A different scenery …

In the days leading up to this week we have been inundated with bad news, and I, for one, was in need of a different outlook, even if the bad news won’t go away, just because we are looking in a different direction. All the same, the drive across the border and through the Netherlands was fortunately uneventful, and we arrived without delay in Bergan aan Zee in bright sunshine. Despite the temperature around 14°C and a cool wind, we had a pleasant walk through the small village and a stretch of the beach, where treading in dry sand was a bit of a struggle. Stopping off in a busy beach restaurant for a Hamburger and Coke, it occurred to me that, whereas in other countries, people have expressed concerns about loss of cultural heritage due to immigration, in the Netherlands, people were talking in various languages, and the waitress reacted with a familiar multilinguistic ability. It wasn’t just the tourists, like us, but those speaking Dutch were visibly from diverse cultural heritages.

This reminded me of an encounter many years ago when I visited the Netherlands and ordered a drink in German. I was immediately reprimanded sternly, though not in an unfriendly way, and told that the waiter knew I was not German, so why was I speaking German in the Netherlands. I corrected myself and said in English that I unfortunately did not speak his language, and was politely served by the waiter, who told me that it did not matter, few visitors did. In his words resonated a certain pride that his language is rarely mastered by foreigners and that he was able to serve the guests in their language. I think that this is an example of a justifiable pride, perhaps it has a certain national aspect, but I experienced a similar encounter in Belgium, where I also found the people there just as multilingual. Obviously, this example has limits, and neither the Dutch, nor the Belgians are so multilingual and culturally multi-facetted that they can compensate for everybody, but they don’t need to. It is already impressive.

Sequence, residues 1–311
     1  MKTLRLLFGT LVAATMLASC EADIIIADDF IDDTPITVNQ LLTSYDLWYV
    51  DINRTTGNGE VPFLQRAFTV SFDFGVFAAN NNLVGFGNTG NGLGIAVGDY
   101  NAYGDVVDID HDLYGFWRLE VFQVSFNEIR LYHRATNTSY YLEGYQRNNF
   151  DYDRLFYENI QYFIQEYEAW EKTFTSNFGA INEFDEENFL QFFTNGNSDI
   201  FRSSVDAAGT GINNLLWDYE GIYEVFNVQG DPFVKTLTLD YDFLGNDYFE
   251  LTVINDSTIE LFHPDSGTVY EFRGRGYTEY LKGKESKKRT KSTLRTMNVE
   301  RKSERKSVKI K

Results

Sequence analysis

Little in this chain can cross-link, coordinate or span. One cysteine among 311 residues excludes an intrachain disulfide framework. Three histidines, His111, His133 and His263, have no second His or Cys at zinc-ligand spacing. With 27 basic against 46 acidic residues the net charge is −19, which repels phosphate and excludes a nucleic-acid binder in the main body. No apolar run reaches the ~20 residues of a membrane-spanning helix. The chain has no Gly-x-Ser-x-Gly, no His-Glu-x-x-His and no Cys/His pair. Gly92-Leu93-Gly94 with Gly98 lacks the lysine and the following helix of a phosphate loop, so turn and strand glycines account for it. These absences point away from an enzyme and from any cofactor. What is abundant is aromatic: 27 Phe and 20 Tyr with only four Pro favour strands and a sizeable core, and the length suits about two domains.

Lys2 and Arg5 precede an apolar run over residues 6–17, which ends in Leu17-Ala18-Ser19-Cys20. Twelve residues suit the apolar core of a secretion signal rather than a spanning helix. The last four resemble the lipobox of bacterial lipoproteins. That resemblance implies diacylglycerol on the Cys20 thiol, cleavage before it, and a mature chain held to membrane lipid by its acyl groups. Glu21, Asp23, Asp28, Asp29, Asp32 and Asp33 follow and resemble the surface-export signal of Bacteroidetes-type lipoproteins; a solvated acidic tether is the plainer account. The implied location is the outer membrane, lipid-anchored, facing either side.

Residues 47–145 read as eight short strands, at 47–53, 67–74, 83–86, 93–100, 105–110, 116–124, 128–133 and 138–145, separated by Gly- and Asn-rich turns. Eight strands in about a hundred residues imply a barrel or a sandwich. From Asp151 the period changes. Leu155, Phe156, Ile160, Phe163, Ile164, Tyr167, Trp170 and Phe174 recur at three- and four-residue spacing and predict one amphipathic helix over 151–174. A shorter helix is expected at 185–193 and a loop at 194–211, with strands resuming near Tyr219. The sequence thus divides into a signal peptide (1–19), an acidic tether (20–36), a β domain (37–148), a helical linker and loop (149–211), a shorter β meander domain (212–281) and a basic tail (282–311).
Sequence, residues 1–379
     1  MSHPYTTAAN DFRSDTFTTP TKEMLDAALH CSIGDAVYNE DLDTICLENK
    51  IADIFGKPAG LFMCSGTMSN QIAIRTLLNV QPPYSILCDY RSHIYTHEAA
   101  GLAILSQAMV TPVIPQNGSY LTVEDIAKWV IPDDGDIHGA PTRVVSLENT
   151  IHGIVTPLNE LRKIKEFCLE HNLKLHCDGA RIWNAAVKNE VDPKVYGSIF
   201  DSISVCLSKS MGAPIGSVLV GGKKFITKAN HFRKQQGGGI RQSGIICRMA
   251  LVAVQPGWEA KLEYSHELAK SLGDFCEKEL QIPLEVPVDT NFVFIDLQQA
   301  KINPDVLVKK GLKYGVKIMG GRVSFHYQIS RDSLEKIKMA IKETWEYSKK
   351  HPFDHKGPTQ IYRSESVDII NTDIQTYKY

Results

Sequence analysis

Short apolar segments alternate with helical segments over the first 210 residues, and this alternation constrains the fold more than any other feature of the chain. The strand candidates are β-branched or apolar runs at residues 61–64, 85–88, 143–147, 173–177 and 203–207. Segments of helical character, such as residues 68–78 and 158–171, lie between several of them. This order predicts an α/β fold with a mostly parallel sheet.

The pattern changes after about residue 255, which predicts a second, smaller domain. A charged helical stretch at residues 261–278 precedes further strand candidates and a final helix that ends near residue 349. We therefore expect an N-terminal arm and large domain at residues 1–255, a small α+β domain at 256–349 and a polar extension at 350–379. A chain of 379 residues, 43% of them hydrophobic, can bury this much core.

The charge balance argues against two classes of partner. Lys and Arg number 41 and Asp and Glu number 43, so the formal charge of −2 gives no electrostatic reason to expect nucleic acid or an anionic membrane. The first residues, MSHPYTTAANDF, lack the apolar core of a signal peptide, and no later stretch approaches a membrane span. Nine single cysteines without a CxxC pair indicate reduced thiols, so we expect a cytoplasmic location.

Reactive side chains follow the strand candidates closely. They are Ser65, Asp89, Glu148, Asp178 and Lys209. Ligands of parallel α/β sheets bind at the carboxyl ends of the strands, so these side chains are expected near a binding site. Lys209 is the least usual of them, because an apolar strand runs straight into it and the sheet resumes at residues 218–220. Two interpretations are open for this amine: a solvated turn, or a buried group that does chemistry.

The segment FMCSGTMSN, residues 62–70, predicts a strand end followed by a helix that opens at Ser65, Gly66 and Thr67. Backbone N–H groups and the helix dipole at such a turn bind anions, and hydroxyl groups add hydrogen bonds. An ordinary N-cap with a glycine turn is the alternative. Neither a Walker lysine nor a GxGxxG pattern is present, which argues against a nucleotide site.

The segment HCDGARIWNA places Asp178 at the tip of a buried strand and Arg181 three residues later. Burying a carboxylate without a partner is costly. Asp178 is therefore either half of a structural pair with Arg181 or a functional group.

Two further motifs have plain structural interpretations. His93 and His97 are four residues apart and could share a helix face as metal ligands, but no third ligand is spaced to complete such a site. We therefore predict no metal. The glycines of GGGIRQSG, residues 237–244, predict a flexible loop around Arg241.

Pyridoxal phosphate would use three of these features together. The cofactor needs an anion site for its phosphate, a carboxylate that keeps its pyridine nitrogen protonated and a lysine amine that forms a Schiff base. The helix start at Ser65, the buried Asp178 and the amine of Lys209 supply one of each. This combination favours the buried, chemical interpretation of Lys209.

Our evening walk was eventful, and we found many attractions, especially for children, hidden in the green area behind the house where we were staying. The houses here are interesting, with unusual shapes that made it clear that we were in a different country. Between the normal houses you see everywhere in the Netherlands, there are many round roofs and buildings that vaguely look like ships on end. Some things also remind me of the coast in southern England, like Devon, where I grew up – especially the dunes and the long sandy beaches.

The whole village is very relaxed and if the temperature had not dropped, we could have sat outside for a while. When you listen to the melody of people talking, you also notice the difference from people speaking in German, and it is more like English. I often listened more to that melody than to the words people spoke when I walked in foreign countries, the hum of the crowds, but also breathing in the smell of the land, which is different even in various parts of a country. The night was pleasant, and we have often slept in worse beds. After watching a few episodes of the Amazon series “Starling” and listening to some sounds around us in the house, we finally slept soundly.

Unfortunately, the temperature drop will remain until we leave, which is something we have experienced on other holidays and led to us leaving earlier. We’ll wait and see how this develops. There are plenty of things to see, and we have sunshine at home, so we’re not looking for a tan.

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